Speccing for an Agent

I got this email from an aspiring TV writer today:

I’ve written a few solid spec teleplays and one good feature, and moved to LA and tried to make contacts and all the other things you’re supposed to do. I am, however, a teacher and not a PA or writer’s assistant, so making the right contacts is a little difficult for me.

My main interest is in television. A friend who works at a managment firm that rarely deals with TV writers recently told me I should start querying agents with my TV specs. How do I do that? I could write a feature query cold, for all the good it does anybody, but how do you write one for television? You can’t exactly use a logline to generate interest since you didn’t come up with the stories. Is my friend right? Would an agent even be interested in reading teleplays? Thanks for any advice you could give.

I honestly didn’t know how to answer her, so I asked a few TV writer friends of mine for their opinions.  One of them said:

I would tell her to get a list of ALL the agencies (available through
the WGA) and send out a letter of introduction to each one stating her
objective.  I would also include in the letter that she has several
specs available which sends the message she’s serious about this. 
Obviously if there’s anything in her background that can set her apart
(awards, short film produced, Jim Brooks read and liked my script,
etc.) that would be a plus.  If she sends to forty agencies and three
reply she’s ahead of the game.

Another TV writer/producer suggested much the same thing:

My best advice would be to show your TV specs (assuming they’re well-written
and not outdated) to anybody who will read them, including your friend at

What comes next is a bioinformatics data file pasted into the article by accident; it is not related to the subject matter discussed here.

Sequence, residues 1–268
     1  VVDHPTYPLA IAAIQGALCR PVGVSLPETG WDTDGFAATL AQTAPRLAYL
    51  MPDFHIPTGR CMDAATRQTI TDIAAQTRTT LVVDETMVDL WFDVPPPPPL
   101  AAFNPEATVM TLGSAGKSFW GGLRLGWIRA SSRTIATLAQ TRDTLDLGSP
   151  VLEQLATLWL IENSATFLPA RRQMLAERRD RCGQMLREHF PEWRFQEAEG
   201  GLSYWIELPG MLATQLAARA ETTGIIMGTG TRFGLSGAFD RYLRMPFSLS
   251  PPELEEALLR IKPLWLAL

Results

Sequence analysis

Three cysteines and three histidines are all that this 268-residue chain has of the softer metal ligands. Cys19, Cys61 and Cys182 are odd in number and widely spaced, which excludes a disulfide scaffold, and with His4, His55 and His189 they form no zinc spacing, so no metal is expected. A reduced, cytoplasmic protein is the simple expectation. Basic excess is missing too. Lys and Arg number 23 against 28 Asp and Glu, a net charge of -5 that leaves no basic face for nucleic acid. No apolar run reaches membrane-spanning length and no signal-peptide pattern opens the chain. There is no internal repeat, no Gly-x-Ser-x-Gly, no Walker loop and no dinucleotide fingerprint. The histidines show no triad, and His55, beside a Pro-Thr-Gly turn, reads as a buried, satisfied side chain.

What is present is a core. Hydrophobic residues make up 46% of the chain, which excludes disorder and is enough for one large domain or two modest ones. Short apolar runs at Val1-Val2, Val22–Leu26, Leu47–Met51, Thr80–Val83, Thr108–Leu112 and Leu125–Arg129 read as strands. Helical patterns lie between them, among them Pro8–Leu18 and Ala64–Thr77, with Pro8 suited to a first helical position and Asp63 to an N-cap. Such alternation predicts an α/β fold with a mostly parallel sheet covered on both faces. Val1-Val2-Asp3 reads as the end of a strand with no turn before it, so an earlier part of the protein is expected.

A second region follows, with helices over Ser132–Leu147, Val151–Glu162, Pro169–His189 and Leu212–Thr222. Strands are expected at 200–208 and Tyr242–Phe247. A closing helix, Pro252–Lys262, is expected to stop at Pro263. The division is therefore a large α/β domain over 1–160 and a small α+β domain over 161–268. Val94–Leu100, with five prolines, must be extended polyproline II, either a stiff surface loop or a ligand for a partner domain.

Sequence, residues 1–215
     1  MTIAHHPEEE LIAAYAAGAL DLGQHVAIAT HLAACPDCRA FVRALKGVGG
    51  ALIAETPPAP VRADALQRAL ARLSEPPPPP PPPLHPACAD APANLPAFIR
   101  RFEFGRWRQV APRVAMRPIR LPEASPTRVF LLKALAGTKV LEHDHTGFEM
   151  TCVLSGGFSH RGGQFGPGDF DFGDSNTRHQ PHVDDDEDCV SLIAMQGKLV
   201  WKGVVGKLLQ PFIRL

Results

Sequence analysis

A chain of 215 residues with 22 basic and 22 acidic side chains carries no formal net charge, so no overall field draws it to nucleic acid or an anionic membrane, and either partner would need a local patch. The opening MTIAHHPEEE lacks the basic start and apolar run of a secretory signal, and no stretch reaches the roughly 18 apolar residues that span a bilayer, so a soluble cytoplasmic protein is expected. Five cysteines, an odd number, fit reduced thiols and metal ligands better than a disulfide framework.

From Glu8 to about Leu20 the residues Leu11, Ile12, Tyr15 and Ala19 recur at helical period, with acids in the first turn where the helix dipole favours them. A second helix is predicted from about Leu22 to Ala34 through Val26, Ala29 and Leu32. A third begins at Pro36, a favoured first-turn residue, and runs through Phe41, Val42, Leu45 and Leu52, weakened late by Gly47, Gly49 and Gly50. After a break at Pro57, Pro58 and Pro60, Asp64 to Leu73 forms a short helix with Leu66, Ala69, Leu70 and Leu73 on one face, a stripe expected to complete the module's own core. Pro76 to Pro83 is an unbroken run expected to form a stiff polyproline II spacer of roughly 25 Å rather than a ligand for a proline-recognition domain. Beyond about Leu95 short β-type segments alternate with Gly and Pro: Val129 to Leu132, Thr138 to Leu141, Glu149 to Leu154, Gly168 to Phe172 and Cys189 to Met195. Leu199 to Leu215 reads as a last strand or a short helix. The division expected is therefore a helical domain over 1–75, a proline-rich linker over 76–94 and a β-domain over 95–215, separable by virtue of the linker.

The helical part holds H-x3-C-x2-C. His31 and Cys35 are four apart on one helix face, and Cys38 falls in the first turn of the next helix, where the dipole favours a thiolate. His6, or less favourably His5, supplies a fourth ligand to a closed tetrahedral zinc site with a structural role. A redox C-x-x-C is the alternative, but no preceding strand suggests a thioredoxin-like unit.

the management agency that doesn’t do television.  If the work is really
good, it will be passed along to managers and agents who are looking for TV
clients – especially hungry junior agents.

Also, send out the dreaded cold letters, but target them well.  Find out who
represents the writers who currently work on the shows you like.  The WGA
will tell you if you ask.  Then send a letter to that person’s agent,
describing how you aspire to follow in the path of great writers like
(insert successful client here), and have two fabulous specs which will make
it easy for the agent to sell you.  I did this when I first started looking
for an agent – didn’t work, but I did get some reads.

But another writer/producer friend disagreed:

it’s hard for me to imagine a good agent would read a spec TV script unless s/he
  knew the writer personally or the script was recommended.

As for networking, one of my writer/producer buddies suggested:

Start attending WGA events, stay for the reception
afterwards and mingle your heart out.  Ask other writers who represents them
and how they got signed.  And don’t overlook my favorite: UCLA Extension

Believe it or not, hanging out with other aspiring writers is actually a good way to make contacts in the business. Many of my producer-friends today are people I hung out with at TV show tapings and Museum of Broadcasting events twenty years ago. I’ll give you another example, One of the writers we hired on MISSING, who had no previous produced credits or script sales (but a killer spec and a great personality) was part of a screenwriting group at a Barnes & Noble.  When she got on staff of our show, all those people in the group suddenly had a "friend in the business," someone who could tell them, from first-hand experience, what the dynamics of a writers room were like, what kinds of specs the producers were reading, etc.

If you’re interested in attending a UCLA Extension class, my friend Matt Witten, a writer/producer on HOUSE, is teaching an introductory TV writing class this spring and I’ll be teaching one this summer.

2 thoughts on “Speccing for an Agent”

  1. I’m not sure but I think the class is full. Tried to sign up this morning but they said I’d have to wait 24 hours to see if there is room. I’ve never had the happen before with UCLA extension..normally I’m admitted into the class right away…so it probably a sign that the class is closed.

  2. Thanks for giving such a thorough answer. Jim Brooks, coincidentally, is my stepdad’s name. I think he did like my last script, but somehow I don’t think that’s what he meant.


Leave a Comment